- Miss X explained that she was unhappy because she had explained to the Council on several occasions that she did not want correspondence by email but it continued to use this method of communication.
- Miss X was dissatisfied with the response and asked for her complaint to be escalated. The Council responded to Miss X’s complaint by providing some further detail on her original enquiry. It also explained that when the Council responded by letter in March 2018 it had mistakenly sent this to Miss X’s sister’s address. Miss X has explained that the Council would not previously tell her where it had sent the letter. It apologised for this and explained that both this and the telephone call to Miss X’s sister had been reported as security breaches.
- Miss X again requested that her complaint be escalated and explained about the impact the letter sent to her sister had had on their relationship. Miss X also explained that she was unhappy with the lack of compassion and sensitivity of some of the staff who had dealt with her complaint. Miss X also praised one of the staff member’s for how they had dealt with her complaint.
- The Council responded by offering a further apology. It acknowledged again that there was fault in the Council’s handling of Miss X’s correspondence. The Council said that the Data Protection elements of Miss X’s complaints were handled in accordance with the Council’s information governance processes. The Council also said that it would like to assure Miss X that her comments about staff who handled her complaint were taken seriously and that the Council would reflect and learn from Miss X’s complaint.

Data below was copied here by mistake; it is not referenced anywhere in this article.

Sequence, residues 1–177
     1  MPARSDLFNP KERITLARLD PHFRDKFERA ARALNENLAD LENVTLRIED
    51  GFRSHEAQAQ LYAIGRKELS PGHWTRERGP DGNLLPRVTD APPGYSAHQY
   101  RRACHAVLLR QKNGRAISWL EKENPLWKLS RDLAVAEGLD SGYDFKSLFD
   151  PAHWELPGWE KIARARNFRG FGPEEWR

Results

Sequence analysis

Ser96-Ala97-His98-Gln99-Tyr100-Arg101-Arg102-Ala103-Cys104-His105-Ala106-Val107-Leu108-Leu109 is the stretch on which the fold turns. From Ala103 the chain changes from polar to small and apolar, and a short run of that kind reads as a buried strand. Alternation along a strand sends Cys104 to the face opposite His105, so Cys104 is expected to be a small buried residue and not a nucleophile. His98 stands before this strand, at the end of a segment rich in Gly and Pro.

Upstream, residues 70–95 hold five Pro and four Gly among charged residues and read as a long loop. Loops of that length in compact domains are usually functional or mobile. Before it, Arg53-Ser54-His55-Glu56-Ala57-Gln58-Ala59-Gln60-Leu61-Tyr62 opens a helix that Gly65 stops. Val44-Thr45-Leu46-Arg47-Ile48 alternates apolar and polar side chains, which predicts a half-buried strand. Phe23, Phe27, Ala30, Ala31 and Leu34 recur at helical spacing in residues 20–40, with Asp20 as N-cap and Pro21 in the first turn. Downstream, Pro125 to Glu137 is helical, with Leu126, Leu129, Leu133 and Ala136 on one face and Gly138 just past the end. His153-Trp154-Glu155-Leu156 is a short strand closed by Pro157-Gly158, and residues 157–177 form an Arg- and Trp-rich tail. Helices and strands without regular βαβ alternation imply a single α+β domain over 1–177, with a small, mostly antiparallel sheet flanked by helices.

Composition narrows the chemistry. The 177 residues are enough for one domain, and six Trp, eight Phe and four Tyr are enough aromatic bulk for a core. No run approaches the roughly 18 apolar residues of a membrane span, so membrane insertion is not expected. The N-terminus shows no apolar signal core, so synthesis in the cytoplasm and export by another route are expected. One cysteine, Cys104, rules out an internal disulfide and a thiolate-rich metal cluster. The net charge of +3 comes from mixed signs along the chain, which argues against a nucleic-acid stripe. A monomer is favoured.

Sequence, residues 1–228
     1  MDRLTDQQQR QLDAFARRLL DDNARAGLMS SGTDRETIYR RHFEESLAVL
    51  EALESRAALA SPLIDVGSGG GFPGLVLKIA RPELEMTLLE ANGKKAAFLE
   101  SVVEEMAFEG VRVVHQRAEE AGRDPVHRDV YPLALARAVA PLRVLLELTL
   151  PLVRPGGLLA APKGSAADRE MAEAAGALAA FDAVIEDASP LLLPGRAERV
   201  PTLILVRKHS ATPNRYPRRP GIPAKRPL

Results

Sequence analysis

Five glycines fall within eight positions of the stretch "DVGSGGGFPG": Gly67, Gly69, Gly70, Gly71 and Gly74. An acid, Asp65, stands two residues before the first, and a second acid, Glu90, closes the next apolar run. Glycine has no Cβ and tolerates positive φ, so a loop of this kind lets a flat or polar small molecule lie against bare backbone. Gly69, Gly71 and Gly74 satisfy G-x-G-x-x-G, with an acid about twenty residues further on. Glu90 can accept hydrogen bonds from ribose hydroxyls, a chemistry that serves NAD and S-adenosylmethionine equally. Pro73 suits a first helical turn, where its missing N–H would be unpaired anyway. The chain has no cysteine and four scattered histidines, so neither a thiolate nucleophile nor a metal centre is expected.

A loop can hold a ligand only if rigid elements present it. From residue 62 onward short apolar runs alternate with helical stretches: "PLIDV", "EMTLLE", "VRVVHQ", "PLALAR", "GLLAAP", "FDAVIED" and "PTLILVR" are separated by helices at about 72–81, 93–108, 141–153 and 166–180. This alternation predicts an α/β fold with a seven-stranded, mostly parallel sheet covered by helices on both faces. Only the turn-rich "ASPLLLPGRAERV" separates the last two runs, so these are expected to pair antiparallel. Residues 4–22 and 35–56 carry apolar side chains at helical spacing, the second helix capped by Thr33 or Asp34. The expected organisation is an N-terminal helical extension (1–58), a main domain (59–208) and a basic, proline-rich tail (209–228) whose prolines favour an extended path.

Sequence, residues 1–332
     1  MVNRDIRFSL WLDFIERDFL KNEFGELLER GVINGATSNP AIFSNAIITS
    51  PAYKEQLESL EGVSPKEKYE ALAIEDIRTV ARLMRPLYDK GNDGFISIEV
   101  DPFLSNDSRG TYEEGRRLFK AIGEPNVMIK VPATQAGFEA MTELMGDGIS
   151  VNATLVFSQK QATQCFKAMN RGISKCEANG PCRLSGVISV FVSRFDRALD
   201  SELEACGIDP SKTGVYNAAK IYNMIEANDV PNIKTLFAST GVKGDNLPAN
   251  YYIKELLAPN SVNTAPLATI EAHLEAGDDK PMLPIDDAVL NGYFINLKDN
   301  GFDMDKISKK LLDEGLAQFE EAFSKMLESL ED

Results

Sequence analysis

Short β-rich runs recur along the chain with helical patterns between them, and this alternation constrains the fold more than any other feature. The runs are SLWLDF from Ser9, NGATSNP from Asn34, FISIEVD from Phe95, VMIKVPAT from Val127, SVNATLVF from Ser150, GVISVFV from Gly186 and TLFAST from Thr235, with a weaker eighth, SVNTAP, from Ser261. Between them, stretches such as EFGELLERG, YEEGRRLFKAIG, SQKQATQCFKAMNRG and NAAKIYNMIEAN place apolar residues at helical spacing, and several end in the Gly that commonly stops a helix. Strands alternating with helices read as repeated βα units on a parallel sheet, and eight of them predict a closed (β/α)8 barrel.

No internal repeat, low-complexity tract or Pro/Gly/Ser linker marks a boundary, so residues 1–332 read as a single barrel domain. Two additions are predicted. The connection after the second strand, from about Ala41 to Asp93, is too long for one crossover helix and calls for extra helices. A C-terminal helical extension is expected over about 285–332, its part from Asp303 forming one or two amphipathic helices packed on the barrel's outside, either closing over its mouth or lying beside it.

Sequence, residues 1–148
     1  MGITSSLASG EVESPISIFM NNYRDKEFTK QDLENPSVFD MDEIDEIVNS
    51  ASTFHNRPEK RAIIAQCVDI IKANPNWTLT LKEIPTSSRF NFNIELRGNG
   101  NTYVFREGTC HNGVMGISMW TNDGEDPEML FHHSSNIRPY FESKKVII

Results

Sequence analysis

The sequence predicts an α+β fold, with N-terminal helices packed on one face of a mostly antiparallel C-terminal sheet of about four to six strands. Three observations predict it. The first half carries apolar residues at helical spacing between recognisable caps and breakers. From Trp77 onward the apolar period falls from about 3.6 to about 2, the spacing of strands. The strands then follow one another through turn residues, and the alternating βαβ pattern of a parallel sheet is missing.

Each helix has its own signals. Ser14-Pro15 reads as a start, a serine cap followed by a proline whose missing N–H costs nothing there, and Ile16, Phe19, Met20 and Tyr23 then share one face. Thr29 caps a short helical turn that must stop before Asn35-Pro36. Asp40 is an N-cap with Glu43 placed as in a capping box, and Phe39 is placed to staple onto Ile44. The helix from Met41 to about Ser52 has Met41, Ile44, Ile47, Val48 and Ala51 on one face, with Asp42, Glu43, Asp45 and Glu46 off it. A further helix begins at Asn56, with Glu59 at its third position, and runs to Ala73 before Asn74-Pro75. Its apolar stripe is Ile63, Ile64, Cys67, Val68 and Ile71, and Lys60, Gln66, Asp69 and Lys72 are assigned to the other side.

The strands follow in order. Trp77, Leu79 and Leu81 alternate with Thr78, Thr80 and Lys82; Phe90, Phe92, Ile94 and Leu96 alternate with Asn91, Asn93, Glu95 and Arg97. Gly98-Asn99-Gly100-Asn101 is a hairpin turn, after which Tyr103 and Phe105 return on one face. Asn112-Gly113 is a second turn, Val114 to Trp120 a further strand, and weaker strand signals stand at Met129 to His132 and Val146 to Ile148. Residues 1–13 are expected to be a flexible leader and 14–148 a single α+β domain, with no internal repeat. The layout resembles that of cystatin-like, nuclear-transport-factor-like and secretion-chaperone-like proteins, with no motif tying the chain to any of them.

- Following this, Miss X raised her complaint with the Ombudsman.
- The Council has acknowledged that it was at fault when it discussed Miss X’s complaint with her sister and when it sent its complaint response to her sister’s address.
- In the Council’s last response to Miss X, it said that data protection elements of her complaint were handled in accordance with the Council’s information governance processes. It appears that Miss X interpreted this to mean that the Council was not acknowledging that there had been issues in the way her communications were handled. From my investigations, my understanding is that it meant that it had dealt with the issues by processing them through the council’s internal process for security breaches.
- The Council has explained to me that any alleged data breach raised with the Council is reported on the Council’s security incident online portal, which is then reviewed by the Council’s Information Governance team who will coordinate any necessary internal investigation. In this case it appears that the issues were as a result of human error.
- Given that the Council has acknowledged it was at fault. I must consider whether this fault has caused Miss X an injustice. Miss X has explained the impact the Council’s fault had on her relationship with her sister and the distress it caused her at an already difficult time.
- To remedy the injustice caused by the Council’s fault, the Council has agreed to:
- provide a further written apology to Miss X
- pay Miss X £100
- The Ombudsman finds the Council was at fault in the way it handled communications with Miss X following her mother’s death, causing Miss X avoidable distress. The Council has agreed to apologise to Miss X and make a financial payment.
Investigator's decision on behalf of the Ombudsman